Chicago School of Glass Art

Chicago's Glass Art Studio

Grozer’s Corner

6/24/2014 An Old Trick

Here is an old trick, this is nothing new, but it is a nice review for those of you starting out with stained glass and the copper foil technique.  Years ago I found this technique hard to believe; so, I tried this and to my pleasant surprise it really works.  When you are finishing up your panel and have decided to put a copper patina on your solder lines give this a try.



Before anything happens make sure that you have neutralized the patina and given your entire panel a good washing.  We like to neutralize the flux and then wash our panels in Orvus soap.  The reason for the Orvus is because Orvus is sodium lauryl sulfate. It is 100% biodegradable and does not contain any phosphates. Sodium lauryl sulfate is a “surfactant” – it removes residues that are oily. What it comes down to in simple terms (and the aspect that concerns us most) is that it is a “wetting agent.”  Orvus removes the surface tension and allows the water to do the cleaning.


Once that is done dry your panel with some clean rags or towels.  Now comes the strange part. Take a good polish like Liva for stained glass and put it on both side of your panel just like you would when you wax your car.  When the Liva has dried and come to a light haze all over the panel, buff all of it off with a clean rag turning the rag on a regular basis.



You are now ready to put on your Novacan Super Bright Copper Patina.  Pour some patina into a separate dish; we use a small dish like you would for Grandma’s custard.  Take a brush, or sponge and carefully go over all your solder lines being careful to not go on the outside copper framing.  When you are all done rinse your panel with water one more time then give it another Liva polishing and voilá a beautiful copper patina on your stained glass panel.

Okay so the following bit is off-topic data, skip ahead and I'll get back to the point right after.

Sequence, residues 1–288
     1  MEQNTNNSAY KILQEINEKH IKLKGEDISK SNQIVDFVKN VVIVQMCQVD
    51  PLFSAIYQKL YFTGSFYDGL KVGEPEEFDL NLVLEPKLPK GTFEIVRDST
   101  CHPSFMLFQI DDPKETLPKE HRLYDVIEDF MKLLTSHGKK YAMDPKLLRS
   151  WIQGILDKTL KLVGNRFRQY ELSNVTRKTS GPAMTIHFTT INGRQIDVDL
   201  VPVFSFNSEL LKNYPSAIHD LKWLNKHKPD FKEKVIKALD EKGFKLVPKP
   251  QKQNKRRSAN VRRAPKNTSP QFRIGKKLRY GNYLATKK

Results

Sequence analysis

Try it, you’ll be amazed.












4/12/2014  Tinning Your Tips

Probably the most neglected things for hobbyists are their tools. I would take a guess that a higher percentage don’t do regular maintenance on their tools even though it is one of the major purchases for the hobby. On a regular basis students come to me upset and can’t believe how bad the tip of their soldering iron looks, especially after they look at our irons. The conversation usually begins with, “I got this soldering iron a month ago and the tip looks horrible.” Then they reveal their irons from behind their backs and sure enough the tips are solid black.

Tin Your Tips!

Tin Your Tips!

So here are a couple of tips for keeping your soldering in top shape:

1. The sponge that all of you are wiping your iron on should not be soaking wet. When you take a modern soldering iron and go back and forth between hot and cooling it off on the sponge the metal in the iron tip expands and contracts and it can actually age the iron tip prematurely. We do wipe the iron on the sponge; however, the sponge is only damp and it is a quick one time swipe. Don’t fuss over that little dot of solder that is left on the end, ignore it and move on.
2. If you look in the picture to the right you will see a metal tin (Its the lid from a can of cookies. We cut one edge off with tin snips). In that tin I throw small left over solder and a very small amount of flux. Every now and then as the tip appears to get gummed up with black I heat up the iron, then take the tip and lay it in the metal tin. While the tip is in the tin I move it around and you will see an amazing thing happen. The black on the tip comes off and the tip gets a nice fine layer of solder on it making the tip all clean and looking new again.
3.  One big DON’T that we have found with today’s soldering irons is Sal Amoniac.  We never use Sal Amoniac on pre-tinned iron tips, which is what most soldering irons have today. We have found that it actually pits and removes the pre-tinned area and destroys the tip.

Most of the time when I am done soldering for the day I will do the same procedure placing the tip in the tin until it is clean. Once it is clean I turn off the soldering iron and leave it alone. The next day when I come back the tip is nice and clean and ready for another day of use. Try this and I know you will be amazed.

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